- This might become relevant, as former owners of Rustavi 2 and Mze are now asking to be given back shares in the outlet. Davit Dvali and Jarji Akimidze, who founded the station, say they were forced to relinquish control in 2004, while Kibar Khalashi, who ran the station until 2007 (when he had a disagreement with the government) also claims ownership in Rustavi 2.
- Vano Chkhartishvili, who served as a minister under Eduard Shevardnadze and left Georgia for London after the Rose Revolution, is asking to be granted control over Mze, which he claims was illegally seized from him. On October 9, media.ge reported that Chkhartishvili took ownership of Guria TV, a small local station. In late September, he had launched an online news outlet, mzera.tv.
- Real TV, a small Tbilisi-based station that has been airing propaganda supporting the outgoing government, has stopped airing newscasts, apparently due to financial problems. Media.ge reports that Real TV might be relaunched as a news channel.
- On October 5, Maestro TV and Global TV were informed that the lots of 38,000 and 100,000 satellite dishes, which the authorities had illegally seized from the two companies over vote buying and illegal party financing allegations, can now be accessed. The seizure of the assets was lifted by the Prosecutor’s office following a decision by the Tbilisi City Court on October 2, the day after the elections.
- The weekly Tabula magazine announced plans to expand into the television sector. On October 12, the GNCC approved the transfer of broadcasting licenses held by Sakartvelo, an entertainment channel with ties to the Ministry of Defense, to the Civic Education Foundation, publisher of Tabula. The magazine was founded by its editor, Tamar Chergoleishvili, wife of Giga Bokeria, the head of the National Security Council.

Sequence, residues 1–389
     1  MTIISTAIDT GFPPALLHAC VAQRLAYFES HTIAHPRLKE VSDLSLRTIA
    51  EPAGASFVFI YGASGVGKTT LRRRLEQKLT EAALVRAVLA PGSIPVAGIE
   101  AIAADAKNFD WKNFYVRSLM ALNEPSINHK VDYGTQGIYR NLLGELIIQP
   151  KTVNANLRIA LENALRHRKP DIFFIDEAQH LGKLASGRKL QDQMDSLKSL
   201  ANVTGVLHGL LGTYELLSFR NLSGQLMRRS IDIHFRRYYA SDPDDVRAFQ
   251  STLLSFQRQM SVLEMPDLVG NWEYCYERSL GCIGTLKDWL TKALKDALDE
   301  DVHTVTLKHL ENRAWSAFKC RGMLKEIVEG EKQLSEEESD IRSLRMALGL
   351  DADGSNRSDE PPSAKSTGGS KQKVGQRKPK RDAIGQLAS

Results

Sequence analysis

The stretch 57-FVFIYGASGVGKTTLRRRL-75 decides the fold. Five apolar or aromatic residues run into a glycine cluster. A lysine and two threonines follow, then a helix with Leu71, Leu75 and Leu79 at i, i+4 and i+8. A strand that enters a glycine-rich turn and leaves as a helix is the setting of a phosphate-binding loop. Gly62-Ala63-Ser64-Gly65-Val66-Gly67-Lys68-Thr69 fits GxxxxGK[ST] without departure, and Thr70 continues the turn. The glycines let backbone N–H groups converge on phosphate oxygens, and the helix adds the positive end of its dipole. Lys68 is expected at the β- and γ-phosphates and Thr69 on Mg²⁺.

- On October 14, the outgoing Finance Minister announced a tax amnesty for broadcasters, which is likely to benefit mainly Imedi and Rustavi 2.
- The Georgian Public Broadcaster’s (GPB) Channel 1 has canceled two current affairs talk shows, and fired the editorial staff of these shows.
- On October 15, employees of Kanal PIK, the GPB’s Russian language news channel, aired a silent protest in their 22:00 newscast after the GPB had withheld parts of their salaries and had failed to pay the station’s bills. The station’s signal had been taken off the Hotbird satellite several days before. “Will the station be shut down, and why are our salaries not paid? Why was the budget approved by the Georgian Parliament spent before its due time? And where did the money that was supposed to last for a whole year go?” the newscasts’ anchors asked. Their reporters responded with silence. The next morning, PIK employees reported that last months’ salaries had finally been transferred.